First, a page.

A stocktake of New Zealand’s hospitals has found parts of Nelson Hospital are in some of the worst condition in the country.
The National Asset Management Programme (NAMP) is part of a government-wide initiative to improve capital funding decisions.
The initiative comes after District Health Boards estimated in 2018 that they needed $14 billion of investment in infrastructure over the next 10 years.
As part of NAMP, engineers checked 166 buildings at 31 hospitals to gauge earthquake risk, asbestos, fire separation problems as well as general plumbing, electrical, mechanical and IT infrastructure, while another 933 buildings were self-assessed.
The main tower block at Nelson Hospital – George Manson, was given a rating of ‘high’ in fire separation issues, risk of asbestos and seismic restraint issues.
The overall condition of the 1960s building was listed as a 3.7 – the sixth worst score in the country, with 3 being average condition and 4 being poor condition.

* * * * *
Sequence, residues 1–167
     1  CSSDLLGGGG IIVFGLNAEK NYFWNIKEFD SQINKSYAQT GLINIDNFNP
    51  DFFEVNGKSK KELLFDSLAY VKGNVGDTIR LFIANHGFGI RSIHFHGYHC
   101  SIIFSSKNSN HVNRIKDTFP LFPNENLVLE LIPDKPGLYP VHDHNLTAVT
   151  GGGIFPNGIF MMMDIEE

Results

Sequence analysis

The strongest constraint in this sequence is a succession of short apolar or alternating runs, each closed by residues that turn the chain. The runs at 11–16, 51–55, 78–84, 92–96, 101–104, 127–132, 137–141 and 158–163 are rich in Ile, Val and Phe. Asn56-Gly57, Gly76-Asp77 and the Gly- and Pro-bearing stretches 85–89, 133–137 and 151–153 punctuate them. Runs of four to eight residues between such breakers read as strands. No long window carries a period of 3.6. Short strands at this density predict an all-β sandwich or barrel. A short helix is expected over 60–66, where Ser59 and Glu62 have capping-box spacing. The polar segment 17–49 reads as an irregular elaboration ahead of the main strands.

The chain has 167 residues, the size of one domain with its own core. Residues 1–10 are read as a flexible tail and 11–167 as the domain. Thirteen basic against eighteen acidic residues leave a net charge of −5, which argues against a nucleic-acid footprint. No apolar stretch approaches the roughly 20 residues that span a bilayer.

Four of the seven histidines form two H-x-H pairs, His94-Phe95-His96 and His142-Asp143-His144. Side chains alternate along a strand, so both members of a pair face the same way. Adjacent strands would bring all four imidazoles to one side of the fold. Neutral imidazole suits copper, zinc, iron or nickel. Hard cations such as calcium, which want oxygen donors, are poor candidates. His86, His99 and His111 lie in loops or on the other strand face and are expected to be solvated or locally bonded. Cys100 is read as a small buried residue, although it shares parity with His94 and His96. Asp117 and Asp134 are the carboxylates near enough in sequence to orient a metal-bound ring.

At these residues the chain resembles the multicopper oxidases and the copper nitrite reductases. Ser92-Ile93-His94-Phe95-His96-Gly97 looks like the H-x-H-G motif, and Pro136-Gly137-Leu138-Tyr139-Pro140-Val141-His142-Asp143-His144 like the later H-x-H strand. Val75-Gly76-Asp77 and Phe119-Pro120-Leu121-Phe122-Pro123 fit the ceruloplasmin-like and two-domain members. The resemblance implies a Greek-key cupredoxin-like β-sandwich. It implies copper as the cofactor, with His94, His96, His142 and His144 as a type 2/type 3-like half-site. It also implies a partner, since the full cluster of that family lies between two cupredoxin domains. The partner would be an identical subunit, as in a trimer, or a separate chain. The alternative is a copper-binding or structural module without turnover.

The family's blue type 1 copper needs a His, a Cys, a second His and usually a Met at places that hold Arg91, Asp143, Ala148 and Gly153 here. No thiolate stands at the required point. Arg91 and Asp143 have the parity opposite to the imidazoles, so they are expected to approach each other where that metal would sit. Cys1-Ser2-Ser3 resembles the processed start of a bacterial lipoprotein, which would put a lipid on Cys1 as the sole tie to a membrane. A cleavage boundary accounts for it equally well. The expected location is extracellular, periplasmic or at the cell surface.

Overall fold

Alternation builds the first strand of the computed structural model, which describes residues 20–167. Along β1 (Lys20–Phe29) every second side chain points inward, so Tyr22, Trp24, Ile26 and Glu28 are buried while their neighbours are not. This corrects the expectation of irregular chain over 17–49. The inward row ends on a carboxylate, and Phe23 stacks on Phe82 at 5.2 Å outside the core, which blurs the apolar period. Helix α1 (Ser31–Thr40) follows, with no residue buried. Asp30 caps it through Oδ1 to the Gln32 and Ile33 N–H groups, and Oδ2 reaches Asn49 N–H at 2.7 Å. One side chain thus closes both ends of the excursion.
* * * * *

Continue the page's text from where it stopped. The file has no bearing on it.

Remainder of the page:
The hospital’s sitewide electrical infrastructure was among the four worst in the country while its mechanical infrastructure was among the worst five and rated in poor condition.
Plans for a multi-million-dollar redevelopment of Nelson Hospital are progressing with an initial business case having been completed.
Nelson Marlborough Health’s general manager of finance, performance and facilities, Eric Sinclair, says this puts forward a case for why a new hospital is required, and seeks permission from the Ministry of Health and Treasury to move forward to a more detailed business case.
“We are now awaiting approval from them to progress to the next stage, which will be the Detailed Business Case. We hope to receive that decision within the next month,” he says.
Eric says the current plan is for the hospital to be redeveloped at the current site and for a 40 per cent increase in bed numbers, although that is still to be finalised.
Car parking will also be looked at during the DBC as they expect an increase in capacity will require an increase in car parks.